Cornelius J.B. Chambers was born in Kissimmee on January 29, 1947. He graduated from Kissimmee High School and worked at Tarcai Farm and Garden Center before enlisting in the U.S. Army. He is Kissimmee’s only black resident to die in Vietnam and was killed on April 3, 1967, along with his entire patrol, when he stepped on a Viet Cong mine.
He was survived by his wife Brenda, an infant daughter Sonia, born a few weeks before he left for Vietnam, mother Dorothy Chambers, grandmother Louise Gibson, two brothers and three sisters. Army Specialist 4thClass Cornelius J.B. Chambers was buried with full military honors in Rose Hill Cemetery, Kissimmee.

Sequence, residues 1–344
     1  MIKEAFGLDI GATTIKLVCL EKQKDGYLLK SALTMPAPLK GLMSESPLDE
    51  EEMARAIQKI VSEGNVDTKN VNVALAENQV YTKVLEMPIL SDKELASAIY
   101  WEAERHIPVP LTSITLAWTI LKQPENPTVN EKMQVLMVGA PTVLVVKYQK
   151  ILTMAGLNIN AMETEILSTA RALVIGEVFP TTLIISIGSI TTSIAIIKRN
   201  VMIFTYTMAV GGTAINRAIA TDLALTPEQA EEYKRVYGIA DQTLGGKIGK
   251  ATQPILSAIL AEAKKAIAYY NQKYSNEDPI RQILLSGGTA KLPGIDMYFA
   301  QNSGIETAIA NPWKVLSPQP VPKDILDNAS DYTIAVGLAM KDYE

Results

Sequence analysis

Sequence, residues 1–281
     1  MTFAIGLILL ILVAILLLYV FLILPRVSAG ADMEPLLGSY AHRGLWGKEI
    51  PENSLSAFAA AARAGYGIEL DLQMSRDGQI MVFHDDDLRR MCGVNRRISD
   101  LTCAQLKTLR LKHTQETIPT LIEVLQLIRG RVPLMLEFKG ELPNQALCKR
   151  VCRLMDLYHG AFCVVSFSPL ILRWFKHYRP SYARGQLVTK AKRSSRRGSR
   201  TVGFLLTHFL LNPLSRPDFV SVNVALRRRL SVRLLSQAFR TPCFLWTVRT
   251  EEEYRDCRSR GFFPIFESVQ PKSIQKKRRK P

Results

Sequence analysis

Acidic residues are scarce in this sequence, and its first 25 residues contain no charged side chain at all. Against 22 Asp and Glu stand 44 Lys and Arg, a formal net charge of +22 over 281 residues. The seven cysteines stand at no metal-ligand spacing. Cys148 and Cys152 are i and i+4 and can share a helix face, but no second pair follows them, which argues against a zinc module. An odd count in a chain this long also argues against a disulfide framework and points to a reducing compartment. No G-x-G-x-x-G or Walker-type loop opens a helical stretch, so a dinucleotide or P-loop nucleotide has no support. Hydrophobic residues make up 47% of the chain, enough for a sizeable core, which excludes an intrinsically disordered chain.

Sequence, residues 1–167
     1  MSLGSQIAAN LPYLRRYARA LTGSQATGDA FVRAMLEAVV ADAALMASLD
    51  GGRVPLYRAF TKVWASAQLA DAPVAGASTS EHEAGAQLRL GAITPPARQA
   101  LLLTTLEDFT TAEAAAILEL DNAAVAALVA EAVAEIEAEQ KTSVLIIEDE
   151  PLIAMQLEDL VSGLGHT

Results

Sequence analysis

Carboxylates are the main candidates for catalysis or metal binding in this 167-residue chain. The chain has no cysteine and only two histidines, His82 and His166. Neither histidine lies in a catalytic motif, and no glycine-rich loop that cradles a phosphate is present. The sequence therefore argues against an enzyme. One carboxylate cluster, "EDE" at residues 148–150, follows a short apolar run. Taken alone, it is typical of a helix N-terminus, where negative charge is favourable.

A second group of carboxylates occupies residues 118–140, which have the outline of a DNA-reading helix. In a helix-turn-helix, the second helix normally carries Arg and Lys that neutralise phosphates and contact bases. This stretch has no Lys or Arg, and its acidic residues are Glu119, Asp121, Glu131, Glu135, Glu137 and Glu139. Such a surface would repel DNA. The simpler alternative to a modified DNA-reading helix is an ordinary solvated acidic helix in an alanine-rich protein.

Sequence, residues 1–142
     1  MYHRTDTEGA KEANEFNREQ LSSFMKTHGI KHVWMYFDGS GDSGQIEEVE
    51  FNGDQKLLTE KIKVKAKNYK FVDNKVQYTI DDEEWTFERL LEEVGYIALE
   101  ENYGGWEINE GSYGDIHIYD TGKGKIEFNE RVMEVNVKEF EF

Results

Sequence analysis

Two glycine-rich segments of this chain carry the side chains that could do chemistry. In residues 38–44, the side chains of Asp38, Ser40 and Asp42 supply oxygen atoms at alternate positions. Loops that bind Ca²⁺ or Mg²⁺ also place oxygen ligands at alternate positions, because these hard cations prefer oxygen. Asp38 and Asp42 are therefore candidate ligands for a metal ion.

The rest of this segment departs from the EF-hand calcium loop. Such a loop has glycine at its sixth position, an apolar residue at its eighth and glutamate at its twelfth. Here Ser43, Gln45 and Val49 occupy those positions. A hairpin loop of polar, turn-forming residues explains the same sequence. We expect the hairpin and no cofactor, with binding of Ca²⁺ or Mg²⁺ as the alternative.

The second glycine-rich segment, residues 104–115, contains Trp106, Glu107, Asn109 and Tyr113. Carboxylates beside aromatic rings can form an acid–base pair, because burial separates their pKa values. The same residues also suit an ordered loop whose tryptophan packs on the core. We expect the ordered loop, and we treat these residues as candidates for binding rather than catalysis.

Almost 20 years following his death, a petition was presented to the Kissimmee City Commission requesting that Benita Park, less than a block from where he grew up, be renamed to honor Cornelius. The commission agreed to the name change and the Cornelius Chambers Memorial Fund was set up to receive monetary donations for a bronze plaque, which was dedicated in March 1987. In 1994, a neighborhood center was built, which also bears his name and in October 2002, the Cornelius Chambers Festival was held in the park named for him.
Sources: “Orlando Sentinel” April 16, 1967; July 15, 1986; February 1, 1987; October 18, 2002